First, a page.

A View of Pågan
In this homemade video, Tan Båcha' is asked by her daughter to sing the song. Without prior rehearsing, she needed some help in remembering some of the lines.
Later, I made the following recording of the song with the help of two talented musicians, Tony Treltas and John Perez.
I langet yan i chinago'-ña, hongga ha' hulo' i piniti-ho.
(Heaven and its distance, my sorrow is heard above.)
Kulan ha' mo'n para bai hu måtai, ya u dingo yo' i anti-ho.
(It's as if I am going to die, and my soul depart from me.)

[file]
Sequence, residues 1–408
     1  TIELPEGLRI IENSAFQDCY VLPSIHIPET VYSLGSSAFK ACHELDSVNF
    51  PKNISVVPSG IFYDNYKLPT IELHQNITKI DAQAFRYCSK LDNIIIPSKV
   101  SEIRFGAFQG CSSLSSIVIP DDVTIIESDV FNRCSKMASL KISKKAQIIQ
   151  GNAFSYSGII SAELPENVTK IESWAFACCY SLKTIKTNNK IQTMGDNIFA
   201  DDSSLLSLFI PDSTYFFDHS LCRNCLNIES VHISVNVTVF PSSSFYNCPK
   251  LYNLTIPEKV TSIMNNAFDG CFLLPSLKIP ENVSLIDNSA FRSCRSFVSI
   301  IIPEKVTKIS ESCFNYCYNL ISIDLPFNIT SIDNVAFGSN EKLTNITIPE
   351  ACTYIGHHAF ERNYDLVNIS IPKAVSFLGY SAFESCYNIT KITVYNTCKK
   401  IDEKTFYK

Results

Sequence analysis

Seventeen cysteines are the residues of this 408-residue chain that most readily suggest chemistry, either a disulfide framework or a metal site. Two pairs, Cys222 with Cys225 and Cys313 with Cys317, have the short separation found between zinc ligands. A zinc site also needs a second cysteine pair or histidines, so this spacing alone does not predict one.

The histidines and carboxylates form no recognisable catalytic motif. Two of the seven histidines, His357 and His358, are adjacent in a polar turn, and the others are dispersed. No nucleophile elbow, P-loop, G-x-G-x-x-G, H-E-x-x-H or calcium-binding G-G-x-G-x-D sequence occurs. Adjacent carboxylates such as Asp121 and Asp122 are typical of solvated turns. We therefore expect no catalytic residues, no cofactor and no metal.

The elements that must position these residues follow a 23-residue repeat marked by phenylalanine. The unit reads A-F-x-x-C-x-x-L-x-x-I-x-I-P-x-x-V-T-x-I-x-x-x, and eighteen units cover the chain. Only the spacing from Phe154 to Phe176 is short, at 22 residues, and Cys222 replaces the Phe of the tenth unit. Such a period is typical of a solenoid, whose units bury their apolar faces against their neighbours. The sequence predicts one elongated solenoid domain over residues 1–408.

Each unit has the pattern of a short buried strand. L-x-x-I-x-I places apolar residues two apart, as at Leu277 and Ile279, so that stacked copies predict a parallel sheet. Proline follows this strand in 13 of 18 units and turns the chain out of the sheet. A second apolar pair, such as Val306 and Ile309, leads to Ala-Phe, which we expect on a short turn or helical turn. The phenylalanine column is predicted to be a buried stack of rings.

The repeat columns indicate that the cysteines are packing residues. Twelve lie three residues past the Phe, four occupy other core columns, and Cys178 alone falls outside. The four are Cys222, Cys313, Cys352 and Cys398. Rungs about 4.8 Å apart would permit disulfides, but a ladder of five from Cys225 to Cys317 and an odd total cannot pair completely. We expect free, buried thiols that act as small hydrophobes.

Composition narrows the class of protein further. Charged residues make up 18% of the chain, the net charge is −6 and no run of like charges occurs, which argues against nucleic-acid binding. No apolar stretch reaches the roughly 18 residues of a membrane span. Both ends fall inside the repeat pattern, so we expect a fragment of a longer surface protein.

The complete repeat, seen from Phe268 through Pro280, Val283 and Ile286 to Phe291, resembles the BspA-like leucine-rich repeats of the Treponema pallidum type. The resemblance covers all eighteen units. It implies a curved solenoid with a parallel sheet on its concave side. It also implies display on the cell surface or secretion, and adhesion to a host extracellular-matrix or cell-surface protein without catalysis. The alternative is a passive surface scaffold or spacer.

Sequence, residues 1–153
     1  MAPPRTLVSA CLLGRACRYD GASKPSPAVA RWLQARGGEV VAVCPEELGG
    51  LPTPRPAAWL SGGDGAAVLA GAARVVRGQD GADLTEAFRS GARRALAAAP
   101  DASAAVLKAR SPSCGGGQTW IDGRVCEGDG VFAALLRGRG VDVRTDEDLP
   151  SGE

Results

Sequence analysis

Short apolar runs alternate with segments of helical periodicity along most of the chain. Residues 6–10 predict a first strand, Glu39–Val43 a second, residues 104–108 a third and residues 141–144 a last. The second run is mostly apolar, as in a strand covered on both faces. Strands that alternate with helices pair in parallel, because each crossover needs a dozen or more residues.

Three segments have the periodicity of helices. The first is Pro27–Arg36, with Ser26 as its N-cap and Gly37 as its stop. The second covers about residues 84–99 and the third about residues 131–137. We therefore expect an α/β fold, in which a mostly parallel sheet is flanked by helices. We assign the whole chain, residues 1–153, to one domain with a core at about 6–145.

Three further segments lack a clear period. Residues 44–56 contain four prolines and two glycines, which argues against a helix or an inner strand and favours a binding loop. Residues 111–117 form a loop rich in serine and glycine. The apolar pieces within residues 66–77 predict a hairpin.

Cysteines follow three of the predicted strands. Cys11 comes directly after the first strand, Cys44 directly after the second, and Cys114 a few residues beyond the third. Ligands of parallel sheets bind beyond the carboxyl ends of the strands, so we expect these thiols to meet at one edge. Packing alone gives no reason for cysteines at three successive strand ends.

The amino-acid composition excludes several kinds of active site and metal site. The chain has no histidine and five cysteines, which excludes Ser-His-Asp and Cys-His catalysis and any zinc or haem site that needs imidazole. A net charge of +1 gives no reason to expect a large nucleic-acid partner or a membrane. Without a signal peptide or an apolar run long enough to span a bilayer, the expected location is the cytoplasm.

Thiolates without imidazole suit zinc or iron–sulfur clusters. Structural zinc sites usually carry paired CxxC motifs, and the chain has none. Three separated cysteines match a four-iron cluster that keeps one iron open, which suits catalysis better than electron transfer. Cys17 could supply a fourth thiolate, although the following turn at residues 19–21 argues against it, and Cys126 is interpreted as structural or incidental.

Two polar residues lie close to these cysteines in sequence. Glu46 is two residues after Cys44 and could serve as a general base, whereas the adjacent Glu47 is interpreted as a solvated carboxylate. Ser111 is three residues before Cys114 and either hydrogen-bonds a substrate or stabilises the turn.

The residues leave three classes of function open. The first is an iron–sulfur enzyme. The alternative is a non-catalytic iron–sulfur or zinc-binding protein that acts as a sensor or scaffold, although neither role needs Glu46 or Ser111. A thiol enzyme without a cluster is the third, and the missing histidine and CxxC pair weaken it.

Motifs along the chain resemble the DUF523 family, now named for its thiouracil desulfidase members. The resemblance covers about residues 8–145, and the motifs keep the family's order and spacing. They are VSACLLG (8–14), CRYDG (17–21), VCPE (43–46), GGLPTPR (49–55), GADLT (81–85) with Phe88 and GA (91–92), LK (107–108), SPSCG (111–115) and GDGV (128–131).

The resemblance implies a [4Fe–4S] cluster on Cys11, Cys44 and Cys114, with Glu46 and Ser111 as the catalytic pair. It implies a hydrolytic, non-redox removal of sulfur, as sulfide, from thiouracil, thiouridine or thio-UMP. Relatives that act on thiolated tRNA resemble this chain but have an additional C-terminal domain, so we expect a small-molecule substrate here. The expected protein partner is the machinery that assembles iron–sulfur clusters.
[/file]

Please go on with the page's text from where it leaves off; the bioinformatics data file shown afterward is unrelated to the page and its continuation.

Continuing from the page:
I Faibus yan i chinago'-ña, hongga ha' påpa' i koron man ånghet.
(Faibus and its distance, the choir of angels is heard below.)
Olåra mo'n ya bai hu li'e' i tano'-ho iya Pågan.
(Oh that I would see my land of Pågan.)
Chinago'-ña. The sorrow of the singer is due, in part, to the distance that separates her from heaven and from Pågan.
Mo'n. Is a shortening of the word mohon, which indicates something hoped for or possible.
Anti-ho. The song is very theological. In Catholic theology, death is defined as the separation of body and soul. The body dies; the soul does not die. The body dies when the soul leaves it.
Faibus. Is the name of a location on Pågan. It is probably Carolinian in origin. Carolinians (as well as Chamorros) settled on Pågan. There is also a place called Faibus on Tinian, which at one time was settled by Carolinians.